Yesterday, President Trump signed an executive order that reverses his administration’s previous policy of separating undocumented immigrant families at the U.S.-Mexico border and outlines a policy to allow most detained families to stay together in detention centers "where appropriate and consistent with law and available resources" (read the full order here). In light of the national outcry over the family separation policy, we recently spoke with James A. Coan, a clinical psychologist and professor at the University of Virginia, where he directs the Virginia Affective Neuroscience Laboratory and produces the Circle of Willis podcast. Dr. Coan discussed how the trauma of being forcibly separated from their parents could have long-term effects on these children’s mental, emotional, and physical well-being. The following interview has been edited for clarity.
IFS: What social scientists call Adverse Childhood Experiences (or ACEs)—from parental divorce to death—can traumatize children well into adulthood. The Trump administration’s policy of forcibly separating immigrant children from their parents would obviously be characterized as an ACE. Tell us something about ACEs and the kinds of events and situations that traumatize children.
James Coan: Adverse Childhood Experiences range from things like parental divorce (relatively common) to many forms of abuse and neglect (relatively rare). Their effects vary, and the data suggest that most children are resilient. But there does seem to be a cumulative effect—so the more of these traumas one experiences, the worse outcomes you can expect. Such outcomes include behavioral problems, anger, aggression, impulsivity, ADHD, depression, anxiety, and a number of physiological symptoms like heart disease, diabetes, autoimmune activity, etc. The age at which a trauma is experienced matters as well. The younger you are, the more devastating the trauma can be. More surprising to many people is the relative impact of neglect versus more active abuse. Of the two potential traumas, it looks increasingly like neglect is the most negatively impactful. Children need to be cared for and interacted with.
IFS: For the immigrant children who were separated from their parents under the Trump administration’s policy, how do you think the trauma of the separation may affect their emotional health, and their ability to trust, regulate their emotions, and deal with stress long term?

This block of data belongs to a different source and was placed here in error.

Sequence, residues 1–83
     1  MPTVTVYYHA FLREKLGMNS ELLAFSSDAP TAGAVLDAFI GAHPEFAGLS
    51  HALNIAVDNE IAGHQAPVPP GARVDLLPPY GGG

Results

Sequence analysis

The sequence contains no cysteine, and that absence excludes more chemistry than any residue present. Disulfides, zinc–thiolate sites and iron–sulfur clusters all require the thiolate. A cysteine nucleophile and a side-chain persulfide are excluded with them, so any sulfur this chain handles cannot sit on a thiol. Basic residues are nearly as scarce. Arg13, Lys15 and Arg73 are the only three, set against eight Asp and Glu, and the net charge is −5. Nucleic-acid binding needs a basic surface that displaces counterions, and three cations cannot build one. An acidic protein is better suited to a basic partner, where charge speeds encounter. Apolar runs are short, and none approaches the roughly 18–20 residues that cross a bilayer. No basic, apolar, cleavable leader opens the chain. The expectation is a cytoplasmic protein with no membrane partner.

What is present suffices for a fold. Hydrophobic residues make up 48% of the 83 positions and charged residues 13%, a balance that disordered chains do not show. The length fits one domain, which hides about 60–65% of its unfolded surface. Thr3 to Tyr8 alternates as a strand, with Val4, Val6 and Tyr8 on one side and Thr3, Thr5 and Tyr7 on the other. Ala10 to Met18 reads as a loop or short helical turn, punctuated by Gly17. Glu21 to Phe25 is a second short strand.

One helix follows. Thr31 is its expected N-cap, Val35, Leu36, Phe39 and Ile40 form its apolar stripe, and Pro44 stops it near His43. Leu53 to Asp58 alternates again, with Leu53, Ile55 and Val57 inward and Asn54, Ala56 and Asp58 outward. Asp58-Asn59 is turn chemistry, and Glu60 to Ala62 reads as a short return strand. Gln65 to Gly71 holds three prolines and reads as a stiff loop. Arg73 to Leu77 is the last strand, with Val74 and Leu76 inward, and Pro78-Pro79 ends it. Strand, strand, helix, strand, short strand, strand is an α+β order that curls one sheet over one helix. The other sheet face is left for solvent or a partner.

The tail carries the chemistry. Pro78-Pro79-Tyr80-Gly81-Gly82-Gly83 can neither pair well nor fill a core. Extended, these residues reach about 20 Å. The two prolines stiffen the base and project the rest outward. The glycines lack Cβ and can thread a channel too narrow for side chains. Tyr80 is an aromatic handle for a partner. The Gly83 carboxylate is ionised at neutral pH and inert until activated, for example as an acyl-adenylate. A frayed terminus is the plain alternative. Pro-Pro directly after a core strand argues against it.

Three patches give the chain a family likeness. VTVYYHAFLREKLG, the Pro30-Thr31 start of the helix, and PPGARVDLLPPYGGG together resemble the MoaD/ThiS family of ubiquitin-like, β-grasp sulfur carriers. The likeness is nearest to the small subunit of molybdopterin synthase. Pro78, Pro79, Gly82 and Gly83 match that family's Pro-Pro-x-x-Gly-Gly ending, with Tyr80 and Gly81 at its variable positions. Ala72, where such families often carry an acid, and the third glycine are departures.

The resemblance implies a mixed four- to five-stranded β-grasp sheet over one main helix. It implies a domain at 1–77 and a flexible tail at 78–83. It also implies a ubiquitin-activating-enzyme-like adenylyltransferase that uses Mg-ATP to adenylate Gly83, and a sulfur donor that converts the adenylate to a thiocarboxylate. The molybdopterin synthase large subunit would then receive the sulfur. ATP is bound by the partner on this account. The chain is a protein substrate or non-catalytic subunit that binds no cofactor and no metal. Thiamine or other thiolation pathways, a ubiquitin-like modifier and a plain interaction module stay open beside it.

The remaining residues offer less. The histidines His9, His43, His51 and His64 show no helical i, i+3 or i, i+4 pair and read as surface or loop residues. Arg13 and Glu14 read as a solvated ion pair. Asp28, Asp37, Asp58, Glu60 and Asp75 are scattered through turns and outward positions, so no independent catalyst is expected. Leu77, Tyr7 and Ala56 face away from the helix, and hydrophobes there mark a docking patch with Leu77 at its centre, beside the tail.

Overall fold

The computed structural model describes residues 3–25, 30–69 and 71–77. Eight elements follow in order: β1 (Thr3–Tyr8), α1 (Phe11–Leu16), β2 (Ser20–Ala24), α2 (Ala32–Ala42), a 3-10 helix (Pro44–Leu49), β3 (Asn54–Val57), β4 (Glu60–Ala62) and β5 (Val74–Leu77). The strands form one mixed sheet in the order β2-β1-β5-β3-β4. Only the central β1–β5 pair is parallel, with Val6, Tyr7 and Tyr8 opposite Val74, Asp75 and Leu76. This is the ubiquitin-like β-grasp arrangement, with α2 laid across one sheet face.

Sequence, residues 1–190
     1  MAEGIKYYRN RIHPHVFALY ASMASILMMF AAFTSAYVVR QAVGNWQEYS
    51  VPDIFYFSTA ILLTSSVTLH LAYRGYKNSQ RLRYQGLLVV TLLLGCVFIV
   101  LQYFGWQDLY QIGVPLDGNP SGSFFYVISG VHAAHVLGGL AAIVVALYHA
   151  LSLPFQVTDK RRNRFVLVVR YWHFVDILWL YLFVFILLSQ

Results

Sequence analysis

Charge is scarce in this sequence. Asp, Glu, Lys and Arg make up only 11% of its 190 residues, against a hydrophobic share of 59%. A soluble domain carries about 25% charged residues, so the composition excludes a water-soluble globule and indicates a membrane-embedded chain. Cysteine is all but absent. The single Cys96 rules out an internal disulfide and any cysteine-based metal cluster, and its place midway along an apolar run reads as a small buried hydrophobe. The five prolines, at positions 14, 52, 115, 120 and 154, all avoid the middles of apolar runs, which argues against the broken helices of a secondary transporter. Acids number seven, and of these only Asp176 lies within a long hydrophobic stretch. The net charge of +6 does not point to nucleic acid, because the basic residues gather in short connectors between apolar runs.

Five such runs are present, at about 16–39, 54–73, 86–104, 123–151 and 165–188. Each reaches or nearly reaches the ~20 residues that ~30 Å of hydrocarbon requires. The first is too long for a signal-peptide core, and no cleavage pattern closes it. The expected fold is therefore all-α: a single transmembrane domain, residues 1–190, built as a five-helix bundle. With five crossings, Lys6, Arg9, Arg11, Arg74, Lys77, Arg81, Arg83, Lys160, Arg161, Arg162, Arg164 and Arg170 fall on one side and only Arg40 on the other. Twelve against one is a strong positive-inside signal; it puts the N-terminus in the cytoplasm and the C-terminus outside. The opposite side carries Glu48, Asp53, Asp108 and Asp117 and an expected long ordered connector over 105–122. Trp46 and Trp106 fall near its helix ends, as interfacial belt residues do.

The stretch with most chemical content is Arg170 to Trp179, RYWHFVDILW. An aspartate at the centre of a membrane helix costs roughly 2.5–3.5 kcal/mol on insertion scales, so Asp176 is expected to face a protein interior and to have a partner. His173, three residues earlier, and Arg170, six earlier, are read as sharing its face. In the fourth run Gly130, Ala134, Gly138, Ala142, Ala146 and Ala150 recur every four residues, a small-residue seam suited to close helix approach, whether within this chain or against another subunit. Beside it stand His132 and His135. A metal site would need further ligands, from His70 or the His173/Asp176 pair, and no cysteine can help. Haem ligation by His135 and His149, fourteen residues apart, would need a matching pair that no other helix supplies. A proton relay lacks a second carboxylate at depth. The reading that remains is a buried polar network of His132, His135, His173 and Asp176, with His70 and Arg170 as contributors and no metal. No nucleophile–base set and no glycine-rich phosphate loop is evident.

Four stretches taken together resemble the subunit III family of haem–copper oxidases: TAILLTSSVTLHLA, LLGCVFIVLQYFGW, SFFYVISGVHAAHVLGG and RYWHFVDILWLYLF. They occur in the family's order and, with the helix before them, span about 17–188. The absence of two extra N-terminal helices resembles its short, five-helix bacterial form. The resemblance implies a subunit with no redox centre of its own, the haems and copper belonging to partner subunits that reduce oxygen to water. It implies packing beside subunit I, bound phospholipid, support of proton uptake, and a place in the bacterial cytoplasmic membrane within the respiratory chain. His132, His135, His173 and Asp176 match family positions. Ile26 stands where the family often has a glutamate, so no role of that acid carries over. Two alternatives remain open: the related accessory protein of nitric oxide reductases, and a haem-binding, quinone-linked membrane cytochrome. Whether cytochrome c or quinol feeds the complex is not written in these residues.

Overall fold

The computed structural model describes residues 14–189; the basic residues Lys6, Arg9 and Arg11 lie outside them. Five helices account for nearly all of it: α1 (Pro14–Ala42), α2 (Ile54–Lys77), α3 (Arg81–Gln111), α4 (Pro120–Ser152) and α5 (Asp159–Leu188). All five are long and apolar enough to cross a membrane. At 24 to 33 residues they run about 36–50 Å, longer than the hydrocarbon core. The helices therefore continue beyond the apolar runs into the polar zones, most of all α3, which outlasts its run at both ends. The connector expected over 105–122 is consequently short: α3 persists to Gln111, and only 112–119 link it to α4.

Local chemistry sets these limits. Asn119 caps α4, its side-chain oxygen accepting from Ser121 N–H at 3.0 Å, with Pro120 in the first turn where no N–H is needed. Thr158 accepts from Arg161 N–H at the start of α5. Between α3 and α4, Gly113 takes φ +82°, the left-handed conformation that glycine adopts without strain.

James Coan: Children can be surprisingly resilient, but few are likely to come through this experience at the border emotionally unscathed. In the short term, we have seen extreme emotional distress. This distress actually serves a life-saving function: keeping caregivers from going away. For young children, especially, an absent parent means almost certain death, at least to the developing brain of the child, whose entire world consists almost exclusively of their parents and close relatives. Those children have no understanding of our political moment, or even of the comings and goings of the neighbors down the block. So, their distress—their cries and protests—are an attempt to cause a reunion with the parent.
If that reunion fails, the kids must choose a different survival strategy, and it is a tragic one. It involves the assumption that the parents are gone, and the kid is now going to have to go it alone. This causes more rapid maturation— a maturation that happens of necessity without the benefit of the kind of developmental scaffolding that a parent can provide. This limits the child's behavioral repertoire to relatively fixed and impulsive reactions—like dive under the table when there is a loud noise, grab the other kid's toy when you want it (on the assumption you'll have no other access to it otherwise), forgo just about any long-term goal because short-term goals are overpoweringly compelling.